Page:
Similar study programs have been authorized by the state legislatures in Connecticut, Utah, New Jersey, Oregon, Virginia and Wisconsin, among other states.

Employer and Industry Objections

Even apart from the question of ERISA preemption, industry groups have raised a number of objections.

The first is that state-rum retirement savings programs would burden already fiscally-strained states with additional costs and liability to operate the programs, which are already currently available in the private market.

Secondly, they suggest that state-run plans could create conflicts between federal laws governing retirement plans and laws enacted by individual states. Different states would likely have different rules governing operation, accumulation and distributions, which might result in confusion among employers and employees.

Finally, the existing proposals leave a number of issues unresolved:

  • Will employees who save in a state plan will have the same rights and protections that are provided under federal law?
  • How are employers to treat part-time or seasonal employees?
  • What if an employer offers a retirement plan to one group of employees, but not another? Must it still offer an automatic IRA to the uncovered group?

For these and other reasons, many employer groups suggest that a more appropriate response to the problem of inadequate retirement savings are programs of financial literacy and general investment education.

The Question of What Cost and to Whom

On its face, it would appear that the only cost to employers would be the cost of setting up payroll deductions.

Far more significant might be the cost to the states of administering these plans. Opponents of Secure Choice note that plans which become self-sustaining will nonetheless have start-up costs, and plans which are initially self-sustaining may not continue to be so in later years, especially with increasing assets and investment choices. It is also not legally possible to eliminate the risk of state liability that might occur because administrative and fiduciary mistakes.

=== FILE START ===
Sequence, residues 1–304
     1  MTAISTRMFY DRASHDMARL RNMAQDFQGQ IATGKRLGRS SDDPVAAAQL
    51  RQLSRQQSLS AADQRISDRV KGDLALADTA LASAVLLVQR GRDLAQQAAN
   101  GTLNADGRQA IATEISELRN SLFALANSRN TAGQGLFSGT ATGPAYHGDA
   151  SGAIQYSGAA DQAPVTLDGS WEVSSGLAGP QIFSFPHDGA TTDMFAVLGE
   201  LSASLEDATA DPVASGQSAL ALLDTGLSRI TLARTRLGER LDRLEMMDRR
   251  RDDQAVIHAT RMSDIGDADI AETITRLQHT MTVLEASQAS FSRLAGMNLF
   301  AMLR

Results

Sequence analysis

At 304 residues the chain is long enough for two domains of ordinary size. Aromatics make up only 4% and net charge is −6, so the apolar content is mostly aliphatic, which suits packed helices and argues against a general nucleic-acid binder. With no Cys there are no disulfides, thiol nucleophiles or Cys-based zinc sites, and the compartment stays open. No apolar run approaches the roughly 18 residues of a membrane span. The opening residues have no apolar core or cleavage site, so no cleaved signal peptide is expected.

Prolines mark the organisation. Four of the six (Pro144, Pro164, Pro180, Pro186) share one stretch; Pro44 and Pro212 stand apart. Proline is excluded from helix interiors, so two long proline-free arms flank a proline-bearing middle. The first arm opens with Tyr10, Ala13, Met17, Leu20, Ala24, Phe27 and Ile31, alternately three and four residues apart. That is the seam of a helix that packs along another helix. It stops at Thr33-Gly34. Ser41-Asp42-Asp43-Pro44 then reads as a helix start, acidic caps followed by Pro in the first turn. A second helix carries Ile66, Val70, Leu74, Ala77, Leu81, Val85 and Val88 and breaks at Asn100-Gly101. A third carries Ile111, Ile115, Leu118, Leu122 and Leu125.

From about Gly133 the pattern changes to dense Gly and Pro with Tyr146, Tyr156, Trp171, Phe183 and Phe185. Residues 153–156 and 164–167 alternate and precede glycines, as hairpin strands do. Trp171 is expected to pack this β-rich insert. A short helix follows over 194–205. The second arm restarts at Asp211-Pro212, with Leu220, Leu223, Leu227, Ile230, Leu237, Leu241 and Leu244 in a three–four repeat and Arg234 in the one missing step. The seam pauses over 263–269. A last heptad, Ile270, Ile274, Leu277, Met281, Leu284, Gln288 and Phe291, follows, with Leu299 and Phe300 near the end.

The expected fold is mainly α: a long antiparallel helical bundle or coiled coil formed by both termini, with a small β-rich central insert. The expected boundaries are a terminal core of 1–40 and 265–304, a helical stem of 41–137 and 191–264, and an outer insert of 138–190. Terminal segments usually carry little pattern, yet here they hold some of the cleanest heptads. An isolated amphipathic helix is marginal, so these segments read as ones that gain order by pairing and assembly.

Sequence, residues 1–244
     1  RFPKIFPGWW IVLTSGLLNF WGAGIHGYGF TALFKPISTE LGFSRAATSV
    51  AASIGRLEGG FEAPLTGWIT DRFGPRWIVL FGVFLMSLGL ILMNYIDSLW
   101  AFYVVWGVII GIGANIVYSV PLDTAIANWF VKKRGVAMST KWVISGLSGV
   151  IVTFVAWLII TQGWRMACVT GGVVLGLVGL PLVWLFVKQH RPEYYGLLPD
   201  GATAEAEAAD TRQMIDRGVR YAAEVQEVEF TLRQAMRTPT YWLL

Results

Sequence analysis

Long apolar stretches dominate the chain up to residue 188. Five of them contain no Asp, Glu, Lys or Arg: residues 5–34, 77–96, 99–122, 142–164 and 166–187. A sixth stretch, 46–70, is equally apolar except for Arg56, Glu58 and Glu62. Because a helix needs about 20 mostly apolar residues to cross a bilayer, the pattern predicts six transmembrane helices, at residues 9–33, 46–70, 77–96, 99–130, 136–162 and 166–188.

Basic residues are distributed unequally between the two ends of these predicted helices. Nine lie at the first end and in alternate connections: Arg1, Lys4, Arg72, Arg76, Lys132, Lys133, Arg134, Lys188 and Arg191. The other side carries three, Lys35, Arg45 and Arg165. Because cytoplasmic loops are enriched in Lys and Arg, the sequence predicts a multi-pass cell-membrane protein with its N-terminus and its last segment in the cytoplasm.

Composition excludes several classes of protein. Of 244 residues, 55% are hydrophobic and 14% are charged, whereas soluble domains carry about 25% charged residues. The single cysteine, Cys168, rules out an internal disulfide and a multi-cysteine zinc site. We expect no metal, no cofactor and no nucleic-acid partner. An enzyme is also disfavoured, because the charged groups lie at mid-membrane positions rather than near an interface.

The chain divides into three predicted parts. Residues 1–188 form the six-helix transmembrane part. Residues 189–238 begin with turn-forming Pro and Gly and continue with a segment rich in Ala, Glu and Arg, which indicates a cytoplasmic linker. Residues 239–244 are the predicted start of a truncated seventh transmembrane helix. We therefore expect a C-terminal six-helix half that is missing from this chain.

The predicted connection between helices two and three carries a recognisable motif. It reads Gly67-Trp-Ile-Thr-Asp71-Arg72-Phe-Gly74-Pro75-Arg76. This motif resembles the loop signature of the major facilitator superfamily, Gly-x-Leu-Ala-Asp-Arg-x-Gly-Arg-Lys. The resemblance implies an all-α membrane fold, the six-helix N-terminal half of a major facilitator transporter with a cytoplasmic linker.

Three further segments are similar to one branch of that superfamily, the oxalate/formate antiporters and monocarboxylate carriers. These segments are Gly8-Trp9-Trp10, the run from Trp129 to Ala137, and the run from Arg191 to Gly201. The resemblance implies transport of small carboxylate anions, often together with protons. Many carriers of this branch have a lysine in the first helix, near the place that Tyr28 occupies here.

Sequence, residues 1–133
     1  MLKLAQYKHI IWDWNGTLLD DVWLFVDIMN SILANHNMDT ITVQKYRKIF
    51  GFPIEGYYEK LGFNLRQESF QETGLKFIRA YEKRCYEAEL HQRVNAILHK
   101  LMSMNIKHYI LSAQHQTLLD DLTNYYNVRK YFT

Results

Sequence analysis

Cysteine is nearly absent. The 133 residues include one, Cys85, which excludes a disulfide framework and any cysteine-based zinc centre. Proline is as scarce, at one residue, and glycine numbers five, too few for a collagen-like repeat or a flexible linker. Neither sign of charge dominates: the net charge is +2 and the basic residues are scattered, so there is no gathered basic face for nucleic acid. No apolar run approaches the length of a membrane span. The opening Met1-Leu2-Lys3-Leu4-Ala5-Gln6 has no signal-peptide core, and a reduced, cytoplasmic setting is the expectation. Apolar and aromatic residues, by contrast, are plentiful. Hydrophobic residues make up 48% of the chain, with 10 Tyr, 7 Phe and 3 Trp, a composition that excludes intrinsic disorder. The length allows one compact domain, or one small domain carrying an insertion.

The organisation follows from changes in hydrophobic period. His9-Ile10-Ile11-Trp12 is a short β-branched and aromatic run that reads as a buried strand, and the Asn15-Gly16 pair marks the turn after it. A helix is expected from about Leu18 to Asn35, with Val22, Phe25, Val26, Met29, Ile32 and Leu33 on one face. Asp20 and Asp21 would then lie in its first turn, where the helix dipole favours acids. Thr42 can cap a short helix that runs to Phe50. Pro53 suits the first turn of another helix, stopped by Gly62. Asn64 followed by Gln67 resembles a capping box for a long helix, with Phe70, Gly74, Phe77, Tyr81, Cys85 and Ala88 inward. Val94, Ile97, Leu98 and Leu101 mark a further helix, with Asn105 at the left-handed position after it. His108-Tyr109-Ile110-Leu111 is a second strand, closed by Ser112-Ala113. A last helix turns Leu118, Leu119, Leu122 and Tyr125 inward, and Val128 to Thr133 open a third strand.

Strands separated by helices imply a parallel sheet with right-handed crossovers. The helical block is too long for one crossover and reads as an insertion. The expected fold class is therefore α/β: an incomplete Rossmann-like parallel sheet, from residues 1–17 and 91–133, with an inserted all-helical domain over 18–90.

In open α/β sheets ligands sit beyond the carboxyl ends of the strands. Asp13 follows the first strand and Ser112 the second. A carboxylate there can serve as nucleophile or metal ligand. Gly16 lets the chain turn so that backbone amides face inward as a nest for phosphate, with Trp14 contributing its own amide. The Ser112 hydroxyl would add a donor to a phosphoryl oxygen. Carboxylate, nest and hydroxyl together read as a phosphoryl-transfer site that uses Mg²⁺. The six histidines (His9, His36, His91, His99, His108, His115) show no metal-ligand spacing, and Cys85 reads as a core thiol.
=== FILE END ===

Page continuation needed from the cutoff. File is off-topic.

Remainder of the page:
ERISA Conflict

The biggest obstacle facing the state pilot programs is preemption by the ERISA, which is the principal federal law governing employer-sponsored retirement plans. In general, courts strike down state laws that stray into the territory covered by ERISA.

States also want to avoid triggering the application of ERISA because the law imposes compliance burdens on employers in areas such as fiduciary duties, reporting and disclosure.

Advocates of Secure Choice savings plan have taken comfort in the Department of Labor’s informal guidance that the federal myRA program Is not an ERISA plan. MyRa similarly offers IRA savings through payroll deduction, but there are significant differences.

These include including the voluntary nature of the myRA program, its establishment, sponsorship, and administration by the federal government, and the absence of any employer funding or role in its administration or design. In addition, as a federal program, myRA would not be subject to ERISA preemption as could be the case with a program created under state law.

While employees can opt-out of making Secure Choice contributions there is still an involuntary element present where an employee fails to take action and automatically must make contributions equal to 3 percent of wages.

In addition, the employer with a Secure Choice program has some small role in administration. The board that administers it would be required to appoint a trustee to comply with federal tax law requirements. The board would also have to closely monitor the timing of contributions to determine whether any subsequent distributions were nontaxable qualified distributions. It is not quite a turnkey operation.

Although advocates of payroll deduction IRA savings plans in the private sector devoutly hope that they , like myRA, would not be covered by the provisions of ERISA, it is premature to be certain that this is the case.

Finally, the conditions of the legislatively authorized feasibility studies generally require an opinion as to whether the program would be subject to ERISA, but there is no way to compel the DOL to issue an opinion. DOL silence is likely not the assurance that the state legislatures have in mind.

The problem of inadequate retirement savings should certainly be cause for concern, and states are increasingly the laboratories where important issues are addressed.

Smaller employers, who are still contending with the requirements of the Affordable Care Act, may be reluctant to embrace the idea of a new state mandate, however slight the compliance burden. With the issues of cost and ERISA preemption still unresolved, it is probably wise that the states are proceeding cautiously.